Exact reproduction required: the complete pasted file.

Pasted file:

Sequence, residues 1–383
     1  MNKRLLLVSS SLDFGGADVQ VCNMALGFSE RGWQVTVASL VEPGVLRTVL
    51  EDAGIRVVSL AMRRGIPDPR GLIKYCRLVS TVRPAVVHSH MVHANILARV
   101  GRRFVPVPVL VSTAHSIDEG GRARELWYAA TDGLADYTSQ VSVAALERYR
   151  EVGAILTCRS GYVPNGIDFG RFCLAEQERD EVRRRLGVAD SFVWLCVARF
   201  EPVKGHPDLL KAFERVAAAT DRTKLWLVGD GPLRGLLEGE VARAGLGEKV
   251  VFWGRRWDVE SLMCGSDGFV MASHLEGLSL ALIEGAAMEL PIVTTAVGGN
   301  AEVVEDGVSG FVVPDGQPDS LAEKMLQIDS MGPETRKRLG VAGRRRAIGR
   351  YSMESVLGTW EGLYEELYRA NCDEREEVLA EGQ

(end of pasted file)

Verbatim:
Sequence, residues 1–383
     1  MNKRLLLVSS SLDFGGADVQ VCNMALGFSE RGWQVTVASL VEPGVLRTVL
    51  EDAGIRVVSL AMRRGIPDPR GLIKYCRLVS TVRPAVVHSH MVHANILARV
   101  GRRFVPVPVL VSTAHSIDEG GRARELWYAA TDGLADYTSQ VSVAALERYR
   151  EVGAILTCRS GYVPNGIDFG RFCLAEQERD EVRRRLGVAD SFVWLCVARF
   201  EPVKGHPDLL KAFERVAAAT DRTKLWLVGD GPLRGLLEGE VARAGLGEKV
   251  VFWGRRWDVE SLMCGSDGFV MASHLEGLSL ALIEGAAMEL PIVTTAVGGN
   301  AEVVEDGVSG FVVPDGQPDS LAEKMLQIDS MGPETRKRLG VAGRRRAIGR
   351  YSMESVLGTW EGLYEELYRA NCDEREEVLA EGQ